11-10-05 - Not long ago, Republican Gov. Rick Perry fired up his conservative base by going to a church school and signing a proposed constitutional ban on same-sex marriage - even though Texas voters, not Perry, held the real power to approve it.
Perry continued to endorse the amendment and met privately several times with a pastors' group before Tuesday's vote, prompting suggestions that he actually was lining up support for his 2006 re-election bid.
After keeping curiously quiet all week, Perry spoke out Thursday on the overwhelming passage of Proposition 2. He said he and his wife, Anita, felt strongly the gay marriage ban was needed.
"We believed passionately that marriage should be between a man and a woman," he said after an appearance in Addison. "The good news is, 75 percent of the people who went to vote - plus - agreed with us."
Texans approved Prop 2 by more than a 3-to-1 margin. Same-sex marriage already was forbidden by state law. Amendment supporters said a constitutional ban was needed so that no judge could ever interpret the law to allow homosexual marriage.
Dan Quinn, spokesman for the Texas Freedom Network, a group that describes itself as working to counter the religious right, said Perry was using the amendment for his own political purposes.
Leaders of the Texas Freedom Network lodged a complaint with the Texas Ethics Commission alleging the ministers' organization Perry repeatedly spoke to - the Texas Restoration Project - should have filed with the state as a political committee.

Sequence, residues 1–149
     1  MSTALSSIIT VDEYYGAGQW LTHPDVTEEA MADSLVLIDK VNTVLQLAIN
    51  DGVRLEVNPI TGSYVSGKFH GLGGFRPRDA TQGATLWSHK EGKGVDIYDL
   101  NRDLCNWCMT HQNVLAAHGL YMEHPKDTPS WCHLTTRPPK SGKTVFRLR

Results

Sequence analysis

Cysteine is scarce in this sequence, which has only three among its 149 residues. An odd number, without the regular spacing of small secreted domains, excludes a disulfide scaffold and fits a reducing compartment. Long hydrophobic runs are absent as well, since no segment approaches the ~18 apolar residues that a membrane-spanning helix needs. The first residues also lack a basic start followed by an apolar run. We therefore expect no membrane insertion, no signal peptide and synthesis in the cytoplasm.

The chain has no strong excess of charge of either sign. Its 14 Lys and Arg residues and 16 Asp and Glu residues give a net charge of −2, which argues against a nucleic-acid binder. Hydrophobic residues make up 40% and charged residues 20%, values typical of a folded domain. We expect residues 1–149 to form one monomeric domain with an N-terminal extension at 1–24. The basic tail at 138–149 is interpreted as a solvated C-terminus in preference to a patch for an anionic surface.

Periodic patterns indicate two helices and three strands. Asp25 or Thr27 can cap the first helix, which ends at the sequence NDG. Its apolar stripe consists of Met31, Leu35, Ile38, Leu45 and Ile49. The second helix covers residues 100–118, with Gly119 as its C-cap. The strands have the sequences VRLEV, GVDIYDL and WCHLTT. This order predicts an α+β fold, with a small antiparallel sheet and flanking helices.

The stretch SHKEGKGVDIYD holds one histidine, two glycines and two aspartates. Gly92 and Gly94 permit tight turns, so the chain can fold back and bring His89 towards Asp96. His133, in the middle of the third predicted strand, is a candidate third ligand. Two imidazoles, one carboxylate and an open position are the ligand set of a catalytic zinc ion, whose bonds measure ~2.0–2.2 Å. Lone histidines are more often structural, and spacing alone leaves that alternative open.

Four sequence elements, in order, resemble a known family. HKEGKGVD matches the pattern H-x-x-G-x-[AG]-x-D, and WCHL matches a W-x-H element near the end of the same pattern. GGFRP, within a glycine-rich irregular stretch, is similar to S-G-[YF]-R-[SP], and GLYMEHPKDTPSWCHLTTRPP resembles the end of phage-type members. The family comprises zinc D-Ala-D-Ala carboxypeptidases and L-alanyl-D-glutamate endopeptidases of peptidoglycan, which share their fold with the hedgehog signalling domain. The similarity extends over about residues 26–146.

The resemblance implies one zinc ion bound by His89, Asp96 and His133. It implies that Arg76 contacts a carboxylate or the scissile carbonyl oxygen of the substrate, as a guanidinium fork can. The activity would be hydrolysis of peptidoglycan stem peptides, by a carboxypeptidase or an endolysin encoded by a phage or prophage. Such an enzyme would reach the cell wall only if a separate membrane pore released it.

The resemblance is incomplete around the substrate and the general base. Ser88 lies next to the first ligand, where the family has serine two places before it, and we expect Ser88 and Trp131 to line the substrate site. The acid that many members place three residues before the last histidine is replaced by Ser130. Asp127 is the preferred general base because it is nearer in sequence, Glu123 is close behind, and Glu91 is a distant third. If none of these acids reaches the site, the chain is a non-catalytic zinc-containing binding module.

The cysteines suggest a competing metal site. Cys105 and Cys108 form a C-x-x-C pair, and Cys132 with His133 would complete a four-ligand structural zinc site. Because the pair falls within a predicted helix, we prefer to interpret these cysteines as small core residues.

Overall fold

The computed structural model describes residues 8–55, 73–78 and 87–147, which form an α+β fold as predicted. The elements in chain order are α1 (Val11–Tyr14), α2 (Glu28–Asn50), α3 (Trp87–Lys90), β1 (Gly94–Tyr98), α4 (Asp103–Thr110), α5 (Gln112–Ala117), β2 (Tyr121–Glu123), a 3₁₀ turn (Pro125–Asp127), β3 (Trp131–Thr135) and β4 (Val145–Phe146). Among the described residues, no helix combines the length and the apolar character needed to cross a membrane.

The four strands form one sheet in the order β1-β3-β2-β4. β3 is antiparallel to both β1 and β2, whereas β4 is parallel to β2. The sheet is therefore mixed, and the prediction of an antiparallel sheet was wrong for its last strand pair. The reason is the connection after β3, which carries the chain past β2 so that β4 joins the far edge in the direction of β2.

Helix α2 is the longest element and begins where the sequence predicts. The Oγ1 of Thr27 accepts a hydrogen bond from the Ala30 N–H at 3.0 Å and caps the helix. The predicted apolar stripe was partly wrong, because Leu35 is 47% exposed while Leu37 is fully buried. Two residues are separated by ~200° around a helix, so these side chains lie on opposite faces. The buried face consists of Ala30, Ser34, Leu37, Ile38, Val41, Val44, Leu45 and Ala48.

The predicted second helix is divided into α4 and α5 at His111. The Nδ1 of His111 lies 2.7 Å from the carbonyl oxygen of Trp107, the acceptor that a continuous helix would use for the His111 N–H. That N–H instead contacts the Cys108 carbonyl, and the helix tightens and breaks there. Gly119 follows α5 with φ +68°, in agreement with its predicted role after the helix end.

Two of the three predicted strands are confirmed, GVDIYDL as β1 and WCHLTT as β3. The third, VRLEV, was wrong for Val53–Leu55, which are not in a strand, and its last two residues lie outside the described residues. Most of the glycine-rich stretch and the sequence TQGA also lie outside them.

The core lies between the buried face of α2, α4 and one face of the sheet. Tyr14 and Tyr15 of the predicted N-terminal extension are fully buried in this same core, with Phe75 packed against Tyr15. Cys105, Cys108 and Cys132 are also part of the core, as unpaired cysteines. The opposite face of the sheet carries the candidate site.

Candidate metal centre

The Texas Restoration Project said it was only trying to help pastors get their congregations to vote in an effort to restore the state's religious heritage.
"The governor spent a lot of time and energy working to pass what was really an unnecessary and divisive amendment," Quinn said. "He was using it as a wedge issue to divide Texans to help his re-election campaign next year."
Perry faces Comptroller Carole Keeton Strayhorn in the Republican primary in March. Both will try to woo the conservative voters who regularly turn out for GOP primaries.
Perry's political operatives have learned from President Bush's team about using church contacts in election season, said Cal Jillson, professor of political science at Southern Methodist University in Dallas.
The Prop 2 election can be viewed as a "dry run" for Perry's campaign, he said.
But Perry brushed off that suggestion.
He said his support for Prop 2 was much like his work two years ago for an amendment that limits some damage awards in medical malpractice lawsuits. That amendment won voter approval, but he said he got criticism then, too.
"I'm an opinionated person," Perry said. "I have a strong set of beliefs and values. And I'm not afraid to stand up and say, 'Here's what I believe in.' If someone wants to say 'Gosh, he just believes that for political purposes,' that's their reason, but they're wrong," Perry said.
Strayhorn, who also favored the gay marriage ban amendment, declined to comment on whether Perry was making a political play. She would comment only on voter turnout in Tuesday's election, which at 18 percent was unusually high for a constitutional amendments election.
Through her spokesman, Strayhorn said: "The more people who vote, the happier I am. I have great confidence in the people of Texas."